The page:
Items of this kind are broadly termed "postal history" by stamp collectors, though technically (as I understand it) to be a really good exemplar of postal history, a piece of mail should be something more than something that passed through the post. No matter. This item was of interest to me.

As far as I can make out, the message on the back of the card reads as follows:
Du front, 10 mars 1915

Cher Monsieur,

Madame Guffroy doit aller vous voir ces jours-ci. Je suppose que vous êtes resté à vos bocaux.

Made Guffroy vous fera faire un appareil pour remplacer le tien. Comme convenir l'année dernière – faites le mieux – et pour le prix c'est moi qui vous paierai. Je suis toujours très satisfait du mien qui fonctionne même en temps de guerre. Et M. votre élève?

Bien cordialement à vous,
Guffroy Cycliste
36e Territorial par Verdun

From the front, March 10, 1915

Dear Sir,

Madame Guffroy will stop by to see you in the coming days. I guess you stayed with your jars.

Madame Guffroy will have you make an apparatus to replace yours. As agreed last year – do the best – and as for the price, I will pay it. I'm still very happy with yours, which that operates, even in time of war. And your pupil M.?

Guffroy, Cyclist
36th Territorial [Infantry Regiment] via Verdun (my translation and, naturally, my errors)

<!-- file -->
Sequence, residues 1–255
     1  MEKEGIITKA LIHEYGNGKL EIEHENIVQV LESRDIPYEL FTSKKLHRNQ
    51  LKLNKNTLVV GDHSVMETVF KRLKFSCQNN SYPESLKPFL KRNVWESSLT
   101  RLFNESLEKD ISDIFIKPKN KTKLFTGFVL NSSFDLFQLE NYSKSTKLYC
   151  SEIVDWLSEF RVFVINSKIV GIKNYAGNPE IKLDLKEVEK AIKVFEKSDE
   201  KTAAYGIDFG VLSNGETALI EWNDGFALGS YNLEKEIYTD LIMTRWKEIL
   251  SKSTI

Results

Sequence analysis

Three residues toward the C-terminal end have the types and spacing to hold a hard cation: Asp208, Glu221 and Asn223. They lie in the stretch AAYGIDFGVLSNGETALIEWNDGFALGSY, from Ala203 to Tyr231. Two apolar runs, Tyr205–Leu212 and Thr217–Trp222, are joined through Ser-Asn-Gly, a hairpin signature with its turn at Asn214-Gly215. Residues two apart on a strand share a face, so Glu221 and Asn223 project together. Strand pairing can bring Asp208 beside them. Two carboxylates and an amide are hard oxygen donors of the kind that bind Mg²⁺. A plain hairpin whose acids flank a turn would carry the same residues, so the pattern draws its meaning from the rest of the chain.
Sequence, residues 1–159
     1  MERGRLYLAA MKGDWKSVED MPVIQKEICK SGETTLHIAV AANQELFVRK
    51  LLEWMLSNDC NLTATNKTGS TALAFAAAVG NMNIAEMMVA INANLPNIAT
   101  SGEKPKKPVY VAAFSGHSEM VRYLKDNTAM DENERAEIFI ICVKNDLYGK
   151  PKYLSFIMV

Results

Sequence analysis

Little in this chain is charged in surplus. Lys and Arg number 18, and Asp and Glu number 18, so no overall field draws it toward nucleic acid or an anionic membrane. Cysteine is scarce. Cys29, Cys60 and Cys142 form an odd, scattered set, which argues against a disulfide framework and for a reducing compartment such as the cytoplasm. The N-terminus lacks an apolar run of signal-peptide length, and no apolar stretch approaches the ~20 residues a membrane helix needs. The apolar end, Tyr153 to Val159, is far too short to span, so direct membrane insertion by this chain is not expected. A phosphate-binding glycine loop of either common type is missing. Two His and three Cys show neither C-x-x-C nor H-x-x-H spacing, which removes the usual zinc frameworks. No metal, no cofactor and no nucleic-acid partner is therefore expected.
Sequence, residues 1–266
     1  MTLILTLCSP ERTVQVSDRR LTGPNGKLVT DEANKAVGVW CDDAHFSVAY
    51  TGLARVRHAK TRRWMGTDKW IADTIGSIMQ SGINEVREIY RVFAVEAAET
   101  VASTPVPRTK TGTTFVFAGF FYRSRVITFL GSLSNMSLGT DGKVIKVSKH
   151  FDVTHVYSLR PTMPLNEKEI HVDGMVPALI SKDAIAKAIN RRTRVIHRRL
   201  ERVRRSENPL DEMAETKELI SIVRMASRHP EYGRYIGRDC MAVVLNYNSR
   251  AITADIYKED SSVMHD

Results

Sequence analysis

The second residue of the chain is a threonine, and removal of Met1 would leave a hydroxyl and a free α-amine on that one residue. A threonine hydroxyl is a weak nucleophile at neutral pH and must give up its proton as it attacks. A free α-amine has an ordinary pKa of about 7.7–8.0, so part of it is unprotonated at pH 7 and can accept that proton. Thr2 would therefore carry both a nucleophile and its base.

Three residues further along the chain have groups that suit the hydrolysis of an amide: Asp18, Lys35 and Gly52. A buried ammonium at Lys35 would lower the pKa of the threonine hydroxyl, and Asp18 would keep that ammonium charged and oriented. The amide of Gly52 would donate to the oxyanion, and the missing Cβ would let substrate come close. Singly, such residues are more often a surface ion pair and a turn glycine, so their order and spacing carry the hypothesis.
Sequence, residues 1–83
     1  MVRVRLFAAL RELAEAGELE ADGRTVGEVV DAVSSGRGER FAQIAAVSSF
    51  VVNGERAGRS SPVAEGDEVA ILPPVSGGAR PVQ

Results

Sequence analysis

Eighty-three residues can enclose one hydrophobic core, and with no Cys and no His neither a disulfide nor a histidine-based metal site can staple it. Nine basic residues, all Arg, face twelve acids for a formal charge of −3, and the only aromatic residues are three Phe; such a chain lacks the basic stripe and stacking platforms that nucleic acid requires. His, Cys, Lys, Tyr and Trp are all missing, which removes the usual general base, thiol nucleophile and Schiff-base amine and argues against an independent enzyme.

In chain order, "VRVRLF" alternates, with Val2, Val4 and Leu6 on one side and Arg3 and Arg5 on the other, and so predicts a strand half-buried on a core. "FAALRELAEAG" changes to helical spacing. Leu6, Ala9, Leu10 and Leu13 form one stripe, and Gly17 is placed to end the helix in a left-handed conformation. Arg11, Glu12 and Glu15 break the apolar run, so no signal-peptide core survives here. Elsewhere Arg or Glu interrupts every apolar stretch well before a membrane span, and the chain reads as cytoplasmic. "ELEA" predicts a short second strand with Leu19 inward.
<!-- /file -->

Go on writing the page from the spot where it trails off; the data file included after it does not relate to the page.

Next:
I initially believed the year written in the card's date was 1911, which puzzled me, because whatever France was undertaking militarily in 1911 (in Sudan and Morocco, in Africa), I sort of doubted those actions would have been called a "war" by the writer. Then I noticed the curious shape of the numeral 5 on the front of the card, in the reference to the arrondissement of the recipient (15), and it became clear to me that the year was 1915. The card was written during World War I.

"I guess you stayed with your jars" is a pretty literal translation of what I read, and it sounds sort of weird. I get the feeling what was meant might be "I would guess that you're still in Paris with your pharmacy."

There remained a couple of words that I simply could not make out, which appear to have the same last few letters, but I cannot figure out what they might be. (See the comments at the LiveJournal version of this page for their clarification, although just what the apparatus referred to might have been remains a mystery.)

By the way, the Franchise Militaire was basically a system by which French servicemen could communicate by mail with their families back home for free, i.e., no postage stamps were required.

As it turns out, these days, 120 Rue St. Charles in Paris' 15th is a pastry shop. However, numbers 119 and 122 on that same street are pharmacies (as was the case with number 120 back in 1915), which leads me to wonder if there's any kind of connection there.

Anyway, that's as far as I got with this today.

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I suspect this afternoon's nap may go a long way toward answering that question. :)

Galina, Alla, and I toured the local garage sales this morning. Fortunately, there were not many of them, and of the ones that were open for business, few had anything I might be interested in. The one thing I did pick up (for a whole buck) was a piece of oven cookware made of clay and sold under the name of RömerTopf.